WASHINGTON — Dissatisfied California lawmakers are pressing the Obama administration for more aggressive solutions to the foreclosure epidemic ailing the state.
It could get very expensive. But the alternative, lawmakers warn, could be continued hardship for California residents and sustained political trouble for the president.
In a concerted show of strength, 16 California House Democrats gathered Wednesday to bolster the case for more help. They want a meeting with the president, an infusion of new blood and specific relief for financially troubled homeowners.
"The administration has been playing footsie on this topic," complained Rep. Dennis Cardoza, D-Merced, adding that he is "most concerned about the competency" of key administration officials.
In particular, the disgruntled Californians reiterated Wednesday their prior demands that Obama replace Edward DeMarco, the acting director of the Federal Housing Finance Agency. So far, Senate Republicans have blocked appointments.
The Californians are calling, as well, for an administration move to reduce the mortgage principal owed by homeowners who are under water, meaning they now owe more than the home is worth. Obama's tentative solutions proposed Tuesday in his State of the Union address were greeted as well-intentioned but inadequate.
"It's not good enough to deal with the problem," said Rep. Mike Thompson, D-St. Helena. "It's not good enough to keep people in their home."
In the four-county area around Sacramento alone, more than 40 percent of home mortgages are underwater. In some San Joaquin Valley counties, Cardoza added, the underwater number jumps above 50 percent.
Statewide, 61,517 notices of default were filed in the last three months of 2011, according to data released this week by DataQuick. These notices, the first step in the formal foreclosure process, dropped from the same period in 2010, but they are still high by historic standards.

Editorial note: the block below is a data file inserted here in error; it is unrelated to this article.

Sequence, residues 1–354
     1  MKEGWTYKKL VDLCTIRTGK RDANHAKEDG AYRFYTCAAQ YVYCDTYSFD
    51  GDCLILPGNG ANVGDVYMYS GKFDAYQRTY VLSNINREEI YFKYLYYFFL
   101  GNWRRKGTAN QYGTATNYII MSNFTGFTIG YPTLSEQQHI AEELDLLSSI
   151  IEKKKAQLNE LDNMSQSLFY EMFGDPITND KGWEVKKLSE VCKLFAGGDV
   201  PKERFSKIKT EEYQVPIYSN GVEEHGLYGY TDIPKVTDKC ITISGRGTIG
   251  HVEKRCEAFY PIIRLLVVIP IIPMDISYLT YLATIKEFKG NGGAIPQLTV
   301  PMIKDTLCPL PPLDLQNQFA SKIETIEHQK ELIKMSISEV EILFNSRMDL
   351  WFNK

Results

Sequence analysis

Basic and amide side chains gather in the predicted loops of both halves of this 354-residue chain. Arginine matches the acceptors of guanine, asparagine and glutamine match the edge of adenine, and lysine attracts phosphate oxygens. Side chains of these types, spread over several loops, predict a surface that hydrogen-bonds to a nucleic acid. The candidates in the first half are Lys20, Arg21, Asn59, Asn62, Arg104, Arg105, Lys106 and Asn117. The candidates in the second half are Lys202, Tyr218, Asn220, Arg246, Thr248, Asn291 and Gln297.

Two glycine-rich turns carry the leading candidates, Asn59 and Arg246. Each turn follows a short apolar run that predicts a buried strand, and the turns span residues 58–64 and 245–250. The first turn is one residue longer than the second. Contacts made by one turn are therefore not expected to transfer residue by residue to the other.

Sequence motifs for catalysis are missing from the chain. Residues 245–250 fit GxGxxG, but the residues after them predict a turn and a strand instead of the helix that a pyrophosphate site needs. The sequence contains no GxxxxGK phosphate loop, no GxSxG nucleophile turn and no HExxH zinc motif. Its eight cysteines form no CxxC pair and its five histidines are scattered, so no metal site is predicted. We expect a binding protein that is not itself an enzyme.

"Our constituents have been through enough," said Rep. Doris Matsui, D-Sacramento.
Obama devoted three paragraphs of his 76-minute State of the Union speech to the home mortgage issue, promising to send Congress "a plan that gives every responsible homeowner the chance to save about $3,000 a year on their mortgage" by refinancing at low rates.
Obama offered no further details, other than to say his bill would be financed by "a small fee on the largest financial institutions." This proposed fee on the politically influential financial industry, combined with inevitable election-year turmoil and the competing priorities of Republicans who control the House, present big hurdles to passage.
"I think the president lacked leadership in confronting our nation's most pressing issue, our debt," Rep. Ed Royce, R-Fullerton, a senior member of the House Financial Services Committee, declared, illustratively, in a post-speech statement.
As an alternative to fighting with Congress, California Democrats want Obama to take executive action on his own, with Rep. Jerry McNerney, D-Pleasanton, calling on the president to present a "real plan for reducing the principle owed on underwater homes."
So far, though, the administration has resisted one proposed solution, that the government-sponsored enterprises known as Fannie Mae and Freddie Mac forgive the mortgage principal on loans they own or guarantee. Nationwide, about 3 million such loans are currently underwater.
"Principal forgiveness for all of these mortgages would require funding of almost $100 billion to pay down mortgages to the value of the homes securing them," DeMarco wrote Thompson and other lawmakers late last week.
DeMarco further noted that "any money spent on this endeavor would ultimately come from the taxpayer," while Rep. Zoe Lofgren, D-San Jose, responded skeptically Wednesday that "it's hard to see" where DeMarco got his $100 billion cost estimate from.
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